takes passenger safety very seriously. We work every day to connect riders with
the safest rides on the road and go above and beyond local requirements in
every city we operate. Uber only partners with drivers who pass an
industry-leading screening that includes a criminal background check at the
county, federal and multistate level going back as far as the law allows. We
also conduct ongoing reviews of drivers’ motor vehicle records during their
time as an Uber partner.
For more information on what makes
Uber the safest rides on the road, please see our website …
 
This statement contained specific, measurable and concrete
factual assertions that could be falsified: a factfinder could determine
whether Uber used the screening described and conducted ongoing reviews of
records.  Similarly, another statement
claiming “Our driver partner background checks are more thorough than those of
taxi [sic] in most cities and include county, state and federal screens going
back seven years” was falsifiable: it mentioned specific procedures and made an
explicit comparison to taxis.  Moreover,
the context made its seem more fact-like: it was released to news media because
of the public interest in Uber’s safety, meaning that “it would be more likely
to be viewed as objective and verifiable information by the public.”  Similar statements, “We’re confident that
every ride on the Uber platform is safer than a taxi,” and “We’re confident
that every ride on Uber is safer than a taxi,” were also potentially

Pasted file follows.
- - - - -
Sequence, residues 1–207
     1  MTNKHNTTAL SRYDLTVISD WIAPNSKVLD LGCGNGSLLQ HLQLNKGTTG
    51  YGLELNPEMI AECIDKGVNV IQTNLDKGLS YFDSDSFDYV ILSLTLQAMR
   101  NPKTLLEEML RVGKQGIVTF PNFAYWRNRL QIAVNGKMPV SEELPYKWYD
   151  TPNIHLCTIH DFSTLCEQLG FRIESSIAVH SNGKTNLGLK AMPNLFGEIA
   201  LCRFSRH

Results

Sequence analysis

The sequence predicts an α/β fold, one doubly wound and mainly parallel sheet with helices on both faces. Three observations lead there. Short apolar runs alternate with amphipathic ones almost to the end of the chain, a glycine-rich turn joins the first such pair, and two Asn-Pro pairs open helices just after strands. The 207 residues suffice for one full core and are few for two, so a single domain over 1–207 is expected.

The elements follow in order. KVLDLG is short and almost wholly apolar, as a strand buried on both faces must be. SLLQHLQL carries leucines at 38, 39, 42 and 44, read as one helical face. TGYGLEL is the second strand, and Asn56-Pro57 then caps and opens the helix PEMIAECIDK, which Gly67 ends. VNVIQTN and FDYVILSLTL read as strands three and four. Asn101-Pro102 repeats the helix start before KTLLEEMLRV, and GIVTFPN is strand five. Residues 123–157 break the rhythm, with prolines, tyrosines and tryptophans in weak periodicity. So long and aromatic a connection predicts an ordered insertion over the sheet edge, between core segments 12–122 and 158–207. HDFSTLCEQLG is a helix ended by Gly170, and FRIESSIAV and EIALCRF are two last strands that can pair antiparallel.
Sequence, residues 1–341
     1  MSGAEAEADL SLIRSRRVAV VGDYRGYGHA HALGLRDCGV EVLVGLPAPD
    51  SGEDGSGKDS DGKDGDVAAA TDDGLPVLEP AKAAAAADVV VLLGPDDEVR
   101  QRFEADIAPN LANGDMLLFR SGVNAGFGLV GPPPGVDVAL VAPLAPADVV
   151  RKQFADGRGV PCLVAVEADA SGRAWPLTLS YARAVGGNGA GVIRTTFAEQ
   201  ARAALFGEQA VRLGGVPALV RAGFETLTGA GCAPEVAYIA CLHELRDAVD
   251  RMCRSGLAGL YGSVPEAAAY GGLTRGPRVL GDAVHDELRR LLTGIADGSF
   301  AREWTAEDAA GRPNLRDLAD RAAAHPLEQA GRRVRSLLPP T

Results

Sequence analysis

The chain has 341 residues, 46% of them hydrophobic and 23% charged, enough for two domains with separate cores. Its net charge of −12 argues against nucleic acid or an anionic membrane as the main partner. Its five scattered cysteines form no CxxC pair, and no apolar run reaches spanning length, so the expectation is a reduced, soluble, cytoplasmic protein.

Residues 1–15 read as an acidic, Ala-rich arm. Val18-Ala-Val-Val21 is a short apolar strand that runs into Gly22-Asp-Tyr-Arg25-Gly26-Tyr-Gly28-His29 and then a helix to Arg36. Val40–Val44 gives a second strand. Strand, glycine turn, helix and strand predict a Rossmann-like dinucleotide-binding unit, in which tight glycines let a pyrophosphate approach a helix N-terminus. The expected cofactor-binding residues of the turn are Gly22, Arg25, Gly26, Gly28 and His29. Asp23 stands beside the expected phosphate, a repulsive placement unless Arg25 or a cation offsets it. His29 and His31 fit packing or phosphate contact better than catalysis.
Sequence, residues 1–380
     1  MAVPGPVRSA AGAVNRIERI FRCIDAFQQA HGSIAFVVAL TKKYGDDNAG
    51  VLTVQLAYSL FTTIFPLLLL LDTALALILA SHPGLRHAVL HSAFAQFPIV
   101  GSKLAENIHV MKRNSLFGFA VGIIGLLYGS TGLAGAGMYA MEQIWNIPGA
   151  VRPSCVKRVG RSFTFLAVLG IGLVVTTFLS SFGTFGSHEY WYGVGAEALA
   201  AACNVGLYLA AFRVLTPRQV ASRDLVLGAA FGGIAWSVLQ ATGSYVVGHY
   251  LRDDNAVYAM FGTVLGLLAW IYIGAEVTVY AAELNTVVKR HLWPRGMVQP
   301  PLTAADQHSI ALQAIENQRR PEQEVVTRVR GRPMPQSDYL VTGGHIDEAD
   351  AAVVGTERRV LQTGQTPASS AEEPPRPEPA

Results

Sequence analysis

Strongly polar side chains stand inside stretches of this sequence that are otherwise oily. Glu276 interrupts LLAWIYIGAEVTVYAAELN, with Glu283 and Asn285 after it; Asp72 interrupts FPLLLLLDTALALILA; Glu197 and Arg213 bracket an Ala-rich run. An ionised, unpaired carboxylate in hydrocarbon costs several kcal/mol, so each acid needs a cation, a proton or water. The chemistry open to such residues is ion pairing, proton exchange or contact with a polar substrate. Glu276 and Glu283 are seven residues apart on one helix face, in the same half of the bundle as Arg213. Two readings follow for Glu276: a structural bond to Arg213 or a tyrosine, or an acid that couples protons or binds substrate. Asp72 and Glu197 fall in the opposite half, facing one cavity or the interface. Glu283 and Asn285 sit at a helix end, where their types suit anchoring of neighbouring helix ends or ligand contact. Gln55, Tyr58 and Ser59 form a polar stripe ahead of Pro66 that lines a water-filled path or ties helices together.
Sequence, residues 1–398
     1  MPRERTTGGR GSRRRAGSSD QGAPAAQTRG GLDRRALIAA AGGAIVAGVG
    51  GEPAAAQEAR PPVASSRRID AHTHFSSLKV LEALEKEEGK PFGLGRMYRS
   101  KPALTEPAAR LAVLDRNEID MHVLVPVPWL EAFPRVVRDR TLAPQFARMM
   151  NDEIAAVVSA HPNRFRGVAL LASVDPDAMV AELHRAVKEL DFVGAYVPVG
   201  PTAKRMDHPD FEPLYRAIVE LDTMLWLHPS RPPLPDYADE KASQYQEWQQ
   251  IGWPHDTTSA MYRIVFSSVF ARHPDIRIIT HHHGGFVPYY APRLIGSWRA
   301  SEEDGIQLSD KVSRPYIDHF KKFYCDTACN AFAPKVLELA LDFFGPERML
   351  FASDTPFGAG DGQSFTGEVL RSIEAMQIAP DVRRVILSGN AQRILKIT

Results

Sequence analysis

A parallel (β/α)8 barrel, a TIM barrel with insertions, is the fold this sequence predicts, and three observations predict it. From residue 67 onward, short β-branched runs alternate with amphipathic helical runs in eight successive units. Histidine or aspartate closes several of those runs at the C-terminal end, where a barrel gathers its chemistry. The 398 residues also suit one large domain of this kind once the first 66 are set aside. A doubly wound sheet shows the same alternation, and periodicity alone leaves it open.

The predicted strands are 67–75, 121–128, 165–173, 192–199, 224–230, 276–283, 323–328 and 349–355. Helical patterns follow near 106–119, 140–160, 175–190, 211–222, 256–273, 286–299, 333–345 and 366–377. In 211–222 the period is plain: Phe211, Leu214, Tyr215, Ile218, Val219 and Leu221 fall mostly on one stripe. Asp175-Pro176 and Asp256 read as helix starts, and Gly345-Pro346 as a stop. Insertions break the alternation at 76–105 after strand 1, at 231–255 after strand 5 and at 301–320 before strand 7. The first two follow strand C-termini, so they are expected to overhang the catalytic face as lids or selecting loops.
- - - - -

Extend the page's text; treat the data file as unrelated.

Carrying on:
quantifiable, despite the “we’re confident” intro.  “[S]tatements as to the comparative safety of
a product are specific and measurable, and thus frequently considered
actionable.”
 
Uber’s public policy representative also said: “Uber works
with Hirease to conduct stringent background checks going back seven years,
which all drivers must undergo and clear to partner with Uber. This driver [who
killed a child] had a clean background check when he became an Uber partner.”
These were objectively verifiable statements on which consumers could rely.  Similarly, responding to news that an Uber
driver in Chicago had been previously convicted of a felony but had not been
screened out by Uber’s background check process, Uber wrote: “[W]e have already
taken steps to prevent this from happening again, by expanding our background
check process to set new industry-leading standards … We are sincerely sorry
for this error, and want to assure all riders that we are taking the necessary steps
to fix it and build the safest option for consumers.”  The first part was factual, while the second
part was mere puffery.
 
For the same reasons, Texas common law unfair competition
claims survived.
 
Uber’s related motion for summary judgment on the surviving
claims failed.  Plaintiffs argued literal
falsity and introduced expert testimony and official reports creating genuine